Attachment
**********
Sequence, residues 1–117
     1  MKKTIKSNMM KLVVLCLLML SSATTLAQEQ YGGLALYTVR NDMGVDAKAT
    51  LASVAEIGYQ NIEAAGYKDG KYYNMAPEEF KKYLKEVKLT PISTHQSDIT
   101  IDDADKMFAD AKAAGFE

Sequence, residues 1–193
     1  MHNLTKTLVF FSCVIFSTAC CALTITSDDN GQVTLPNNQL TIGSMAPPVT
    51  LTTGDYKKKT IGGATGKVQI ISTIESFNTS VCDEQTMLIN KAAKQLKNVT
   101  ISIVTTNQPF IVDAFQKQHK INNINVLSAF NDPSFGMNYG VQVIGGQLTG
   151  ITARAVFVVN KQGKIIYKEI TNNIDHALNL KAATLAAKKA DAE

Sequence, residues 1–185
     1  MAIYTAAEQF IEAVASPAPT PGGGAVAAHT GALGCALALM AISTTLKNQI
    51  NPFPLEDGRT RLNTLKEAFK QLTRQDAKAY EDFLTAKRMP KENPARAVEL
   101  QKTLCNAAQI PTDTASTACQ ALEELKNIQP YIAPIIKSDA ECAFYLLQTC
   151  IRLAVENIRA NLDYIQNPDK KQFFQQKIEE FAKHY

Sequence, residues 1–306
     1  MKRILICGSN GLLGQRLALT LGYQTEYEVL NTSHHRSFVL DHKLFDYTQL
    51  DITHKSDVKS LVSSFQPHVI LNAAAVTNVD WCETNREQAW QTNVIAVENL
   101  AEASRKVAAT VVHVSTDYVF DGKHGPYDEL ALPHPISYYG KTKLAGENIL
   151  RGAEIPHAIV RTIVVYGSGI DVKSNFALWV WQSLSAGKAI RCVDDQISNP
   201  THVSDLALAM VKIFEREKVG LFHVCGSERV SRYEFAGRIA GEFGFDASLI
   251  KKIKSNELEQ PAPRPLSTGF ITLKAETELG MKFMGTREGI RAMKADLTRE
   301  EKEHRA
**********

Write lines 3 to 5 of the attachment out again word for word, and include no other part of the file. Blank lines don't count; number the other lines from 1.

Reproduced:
    51  LASVAEIGYQ NIEAAGYKDG KYYNMAPEEF KKYLKEVKLT PISTHQSDIT
   101  IDDADKMFAD AKAAGFE

Sequence, residues 1–193